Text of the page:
So I came up with a simple hack of 5E where you can get rid of cash altogether.

When a character wants to buy something beyond the incidental – drinks, simple rooms at the inn, meals, etc., they roll using their flat Proficiency bonus. On a success, they can find what they want to buy and can afford it. On a failure, either they can’t find it, or they can’t afford it, or they get the item but go into debt. Debt is like disadvantage, you can only do it once. Once you’re in debt, you can’t go further into debt. While in debt, your Proficiency score rolls to buy things are at disadvantage.

Sometimes, a PC will be Flush With Cash. This means they just went through a dungeon or pulled of a heist or found buried treasure. When Flush With Cash, characters roll their Proficiency bonus to buy things with advantage. The DM decides when the cash runs out, or you can say that the first time you fail a roll, you’re out of the extra cash and back to your usual means.

When you want to buy something, here are the DCs:

  • Something simple and inexpensive, like adventuring gear: DC 8
  • Something mundane but expensive, or a common magic item, like a longbow or a healing potion: DC 10
  • Something very expensive, like plate armor, or an uncommon magic item: DC 12
  • A rare magic item: DC 15
  • A very rare magic item: DC 20

Of course DMs can fell free to not allow players to roll for things that aren’t available. Also, I’d use the normal downtime rules for looking to buy a magic item, and make the PC spend a week looking. Often in a game, time is more valuable than gold anyway.

Oh, and all 1st level characters start the game in debt unless they have the Noble Background 🙂

A Card Mechanic for Western RPGs

This is a smooshing together of mechanics from Deadlands and Clockwork: Dominion with a little bit sprinkled in. I’m not presenting it as a Newfangled Thing, but simply as what I think I would want to use if I was going to run a Western game, whether Weird West or mythic or whatever.

System Basics

  • Initiative and the action economy are managed by playing cards you are dealt when a conflict begins
  • Actions are also resolved by playing cards, where the number on the card is its value and more ability means you have more cards from which to choose
  • Cards that aren’t used, or are played in failed tests, can be retained by the player to store up and build hands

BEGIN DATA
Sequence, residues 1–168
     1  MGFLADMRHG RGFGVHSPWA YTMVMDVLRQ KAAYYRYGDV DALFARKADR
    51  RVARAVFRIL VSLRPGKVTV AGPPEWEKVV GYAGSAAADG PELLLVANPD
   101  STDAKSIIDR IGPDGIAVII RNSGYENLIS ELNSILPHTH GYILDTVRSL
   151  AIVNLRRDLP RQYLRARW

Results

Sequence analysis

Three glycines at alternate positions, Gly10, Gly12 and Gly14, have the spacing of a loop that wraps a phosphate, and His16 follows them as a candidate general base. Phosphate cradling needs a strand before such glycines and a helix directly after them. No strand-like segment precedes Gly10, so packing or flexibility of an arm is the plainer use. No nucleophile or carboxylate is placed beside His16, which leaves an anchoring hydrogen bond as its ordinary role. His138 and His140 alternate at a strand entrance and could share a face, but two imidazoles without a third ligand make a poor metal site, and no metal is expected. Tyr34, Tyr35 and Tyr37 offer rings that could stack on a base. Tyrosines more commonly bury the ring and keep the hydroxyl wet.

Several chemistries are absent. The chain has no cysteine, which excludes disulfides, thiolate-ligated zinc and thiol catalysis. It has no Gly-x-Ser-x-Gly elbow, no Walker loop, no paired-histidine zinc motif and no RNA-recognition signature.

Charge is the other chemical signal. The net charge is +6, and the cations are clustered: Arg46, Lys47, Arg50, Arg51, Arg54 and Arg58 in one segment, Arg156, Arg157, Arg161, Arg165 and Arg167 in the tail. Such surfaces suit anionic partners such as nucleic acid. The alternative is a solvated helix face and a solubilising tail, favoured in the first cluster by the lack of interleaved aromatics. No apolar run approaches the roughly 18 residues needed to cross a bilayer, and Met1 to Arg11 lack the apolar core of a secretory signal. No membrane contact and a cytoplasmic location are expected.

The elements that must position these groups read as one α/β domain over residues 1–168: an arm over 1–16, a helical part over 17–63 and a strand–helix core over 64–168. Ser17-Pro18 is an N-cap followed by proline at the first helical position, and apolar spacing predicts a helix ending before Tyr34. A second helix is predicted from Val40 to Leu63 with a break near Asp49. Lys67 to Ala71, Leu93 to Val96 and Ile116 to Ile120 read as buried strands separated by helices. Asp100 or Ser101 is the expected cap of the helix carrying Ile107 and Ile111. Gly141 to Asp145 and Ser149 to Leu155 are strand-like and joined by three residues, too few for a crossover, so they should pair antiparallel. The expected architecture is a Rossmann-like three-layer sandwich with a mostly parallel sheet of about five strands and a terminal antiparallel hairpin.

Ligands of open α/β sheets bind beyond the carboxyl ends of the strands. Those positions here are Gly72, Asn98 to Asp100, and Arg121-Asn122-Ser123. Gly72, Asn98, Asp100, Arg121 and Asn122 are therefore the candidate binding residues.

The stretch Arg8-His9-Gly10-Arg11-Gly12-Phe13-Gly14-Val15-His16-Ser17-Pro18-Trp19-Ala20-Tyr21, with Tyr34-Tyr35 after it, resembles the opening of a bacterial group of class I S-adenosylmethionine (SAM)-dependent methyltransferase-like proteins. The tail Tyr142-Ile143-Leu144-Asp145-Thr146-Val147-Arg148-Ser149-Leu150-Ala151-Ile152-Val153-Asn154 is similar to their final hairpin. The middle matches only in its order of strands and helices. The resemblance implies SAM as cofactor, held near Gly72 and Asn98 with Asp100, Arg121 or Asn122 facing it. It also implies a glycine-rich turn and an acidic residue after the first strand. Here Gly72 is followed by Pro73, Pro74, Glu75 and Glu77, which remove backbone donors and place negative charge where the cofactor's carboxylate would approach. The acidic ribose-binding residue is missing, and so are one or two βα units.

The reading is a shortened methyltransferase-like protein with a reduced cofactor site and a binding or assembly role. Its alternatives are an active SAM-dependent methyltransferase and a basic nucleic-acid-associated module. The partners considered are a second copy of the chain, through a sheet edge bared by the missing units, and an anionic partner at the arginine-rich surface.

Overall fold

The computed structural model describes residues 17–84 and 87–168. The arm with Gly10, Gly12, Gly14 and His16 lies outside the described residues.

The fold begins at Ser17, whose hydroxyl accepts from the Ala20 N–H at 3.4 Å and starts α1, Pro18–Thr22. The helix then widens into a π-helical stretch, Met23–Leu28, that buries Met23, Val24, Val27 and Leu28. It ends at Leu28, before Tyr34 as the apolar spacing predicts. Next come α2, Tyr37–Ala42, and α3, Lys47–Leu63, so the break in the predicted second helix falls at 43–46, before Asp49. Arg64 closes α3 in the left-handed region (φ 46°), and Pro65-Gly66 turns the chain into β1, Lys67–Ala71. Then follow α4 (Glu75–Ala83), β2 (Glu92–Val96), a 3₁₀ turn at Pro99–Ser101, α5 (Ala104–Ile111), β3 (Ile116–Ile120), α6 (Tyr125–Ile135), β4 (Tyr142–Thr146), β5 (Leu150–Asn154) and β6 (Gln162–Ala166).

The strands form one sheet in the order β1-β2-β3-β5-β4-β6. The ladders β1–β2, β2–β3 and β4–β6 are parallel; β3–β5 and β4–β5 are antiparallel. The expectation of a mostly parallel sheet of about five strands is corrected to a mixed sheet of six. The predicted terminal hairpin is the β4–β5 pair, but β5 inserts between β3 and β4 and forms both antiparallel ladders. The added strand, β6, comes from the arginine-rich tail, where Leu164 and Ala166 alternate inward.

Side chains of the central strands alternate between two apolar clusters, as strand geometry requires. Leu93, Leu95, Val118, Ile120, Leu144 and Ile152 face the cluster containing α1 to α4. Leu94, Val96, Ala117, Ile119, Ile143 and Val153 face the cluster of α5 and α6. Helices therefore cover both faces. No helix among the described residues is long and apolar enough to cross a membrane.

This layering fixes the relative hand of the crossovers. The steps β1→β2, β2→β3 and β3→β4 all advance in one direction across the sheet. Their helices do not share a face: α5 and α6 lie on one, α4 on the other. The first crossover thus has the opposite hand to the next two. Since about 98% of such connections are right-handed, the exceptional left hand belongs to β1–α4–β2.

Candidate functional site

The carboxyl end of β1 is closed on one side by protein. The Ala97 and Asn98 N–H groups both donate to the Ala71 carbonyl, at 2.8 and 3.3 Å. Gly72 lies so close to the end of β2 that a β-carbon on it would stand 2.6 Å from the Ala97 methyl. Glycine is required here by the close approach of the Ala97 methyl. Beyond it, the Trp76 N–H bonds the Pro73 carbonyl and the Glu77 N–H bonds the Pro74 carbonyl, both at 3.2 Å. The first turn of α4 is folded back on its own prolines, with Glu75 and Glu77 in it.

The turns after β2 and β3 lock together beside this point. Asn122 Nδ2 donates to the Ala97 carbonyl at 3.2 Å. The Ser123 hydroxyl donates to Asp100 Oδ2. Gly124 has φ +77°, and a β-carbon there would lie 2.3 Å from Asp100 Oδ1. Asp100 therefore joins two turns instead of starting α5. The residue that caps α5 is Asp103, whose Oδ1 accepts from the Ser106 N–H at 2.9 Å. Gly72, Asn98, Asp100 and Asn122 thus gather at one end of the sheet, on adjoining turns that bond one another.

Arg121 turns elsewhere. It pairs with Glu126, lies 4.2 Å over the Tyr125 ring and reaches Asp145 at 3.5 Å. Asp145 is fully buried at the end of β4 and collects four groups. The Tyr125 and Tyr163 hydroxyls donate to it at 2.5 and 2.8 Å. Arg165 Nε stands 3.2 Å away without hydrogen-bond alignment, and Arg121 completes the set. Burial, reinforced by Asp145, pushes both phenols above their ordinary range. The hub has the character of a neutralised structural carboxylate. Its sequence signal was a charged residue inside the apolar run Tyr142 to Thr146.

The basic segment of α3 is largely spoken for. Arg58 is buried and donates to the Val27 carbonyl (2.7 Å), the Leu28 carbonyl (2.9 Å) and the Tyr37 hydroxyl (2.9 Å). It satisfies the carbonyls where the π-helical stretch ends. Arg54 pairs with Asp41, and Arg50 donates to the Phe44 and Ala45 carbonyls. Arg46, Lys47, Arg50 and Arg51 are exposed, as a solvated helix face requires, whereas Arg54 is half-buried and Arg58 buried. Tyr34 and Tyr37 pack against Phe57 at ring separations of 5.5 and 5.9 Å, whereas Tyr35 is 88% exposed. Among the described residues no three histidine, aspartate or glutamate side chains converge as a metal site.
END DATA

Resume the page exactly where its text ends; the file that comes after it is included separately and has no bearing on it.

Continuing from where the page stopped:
• Those hands are spent for special effects in the game like introducing new NPC allies, critical hits, and activating special abilities – in this way failure leads to success later

Stolen Initiative

The initiative system for this game is straight-up stolen from Clockwork: Dominion, because that system also uses cards, and also because it is the best initiative system I’m aware of.

When a conflict begins, each player is dealt cards. Actions occur in the order of the cards dealt, from Ace down to the two. If a player doesn’t want their character to act, they can still pass.

In order to interrupt an action, a player can push two cards forward instead of one. Their character’s action is resolved before any other actions, as an interrupt. Yes, you can push two cards forward to interrupt the interrupt.

I’m thinking of maybe one free reaction, and then you spend one card to react or actively defend if someone pushes a card forward to act on you.

The GM gets cards for the NPCs in the conflict, and plays them as if she was just another player. This gets a bit complicated with more than a handfull of NPCs, but that’s true in every system (tonight’s D&D game will have a fight with 28 participants).

Building A Hand

I love when you mark xp with a failed roll in Dungeon World. The way I adapted that idea to this system is to let players retain cards used in failed tests, and maybe cards they don’t use in initiative as well, and use them to build hands to use later in the story. The hands are all, of course, poker hands, and here are my ideas so far:

  • Pair: your hit is a critical hit, or your success is a critical success
  • Two Pair: a trick shot, or a highly unlikely positive result
  • Three of a Kind: you cheat death, when you would otherwise be killed, you are simply taken out
  • Straight: maybe you can use a straight to prevent another PC from dying? You rescue them in some way?
  • Flush: you set a type of scene and stack things in your favor. Maybe even take over narration from the GM for a scene that you just want to see. The type of scene depends on the suit of the flush. Spades: you learn something, or establish something, big and decisive about the setting or situation; Clubs: you stomp the crap out of a host of foes, or embarrass a major opponent; Hearts: a social scene where you get what you want, like getting married, becoming mayor, etc.; Diamonds: you have some kind of big break, like striking gold on your land